Foxconn is reportedly contacting large Indian businesses in search of more partnerships to advance its plans to ramp up semiconductor manufacturing ambitions in the country—its one-year-old JV with Vedanta Group may be on the rocks due to differences link 🔒
Alphabet is making progress on a “larger-scale deployment” of new laser technology to deliver internet in remote areas of India in collaboration with Bharti Airtel link
Google is launching an accelerator programme for Open Network for Digital Commerce (ONDC), the Indian government-backed interoperable commerce network link
Xiaomi India will reorganise its operations to bring overall headcount below 1,000 link
Tessa Therapeutics, an 11-year-old Singapore-based startup that raised $400M from investors including Temasek, is closing down after reportedly failing to raise funding link
Indonesia-based supply chain startup Baskit raised $3.3M link
Singapore’s MAS set out framework for ‘responsible’ digital asset ecosystem link
Singapore-based Brilliant Labs raised $3M for its an open-source, pocket-sized AR lens—called Monocle—which retails for $349 link
Vietnam told social platforms to use AI to find and remove "toxic" content automatically, according to state media link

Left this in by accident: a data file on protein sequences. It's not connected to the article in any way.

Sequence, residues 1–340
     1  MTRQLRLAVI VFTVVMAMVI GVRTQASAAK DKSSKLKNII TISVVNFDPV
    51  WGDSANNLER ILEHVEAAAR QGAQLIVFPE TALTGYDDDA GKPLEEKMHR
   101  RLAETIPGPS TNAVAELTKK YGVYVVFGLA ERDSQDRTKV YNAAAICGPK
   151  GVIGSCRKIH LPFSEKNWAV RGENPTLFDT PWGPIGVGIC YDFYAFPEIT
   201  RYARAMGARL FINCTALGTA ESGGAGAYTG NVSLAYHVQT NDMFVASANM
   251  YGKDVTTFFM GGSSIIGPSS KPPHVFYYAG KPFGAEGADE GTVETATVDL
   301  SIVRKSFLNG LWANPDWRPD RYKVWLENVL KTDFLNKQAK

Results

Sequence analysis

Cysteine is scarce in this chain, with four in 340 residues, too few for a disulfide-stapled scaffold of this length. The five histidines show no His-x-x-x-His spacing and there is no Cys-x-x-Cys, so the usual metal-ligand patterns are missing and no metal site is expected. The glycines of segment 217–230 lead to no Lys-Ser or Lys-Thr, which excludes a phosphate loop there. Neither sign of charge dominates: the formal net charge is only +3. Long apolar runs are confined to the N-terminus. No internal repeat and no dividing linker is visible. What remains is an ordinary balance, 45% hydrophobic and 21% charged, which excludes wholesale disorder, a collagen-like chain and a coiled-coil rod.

Japan Investment Corp, Japan government-backed fund, will buy chip materials maker JSR in a surprise $6.4B deal to boost the country’s chip industry link
Japan’s new AI rules has been criticised for favouring copycats over artists link
Nikkei Asia looks at how K-pop has helped drive Korean investment in the US, as South Korean FDI jumped by more than 70% since BTS' 2016 breakthrough in America link
South Korean lawmakers passed a crypto bill for imposing liability for damages and enforcing penalties in cases of unfair trading of virtual assets link
The FT profiles Choi Jinseog, the South Korean ‘master of chips’ who is accused of sharing secrets with China link
Seoul-based Levit, which runs shopping app Alwayz, raised a $46M led by DST Global Partners link
Rest of Asia
Pakistan’s gig workers still feel the pain one year after the implosion of Airlift’s implosion, a three-year-old instant grocery delivery startup that had raised over $100M link
YouTube is cracking down on North Korean creators who present the regime’s ‘likeable’ face link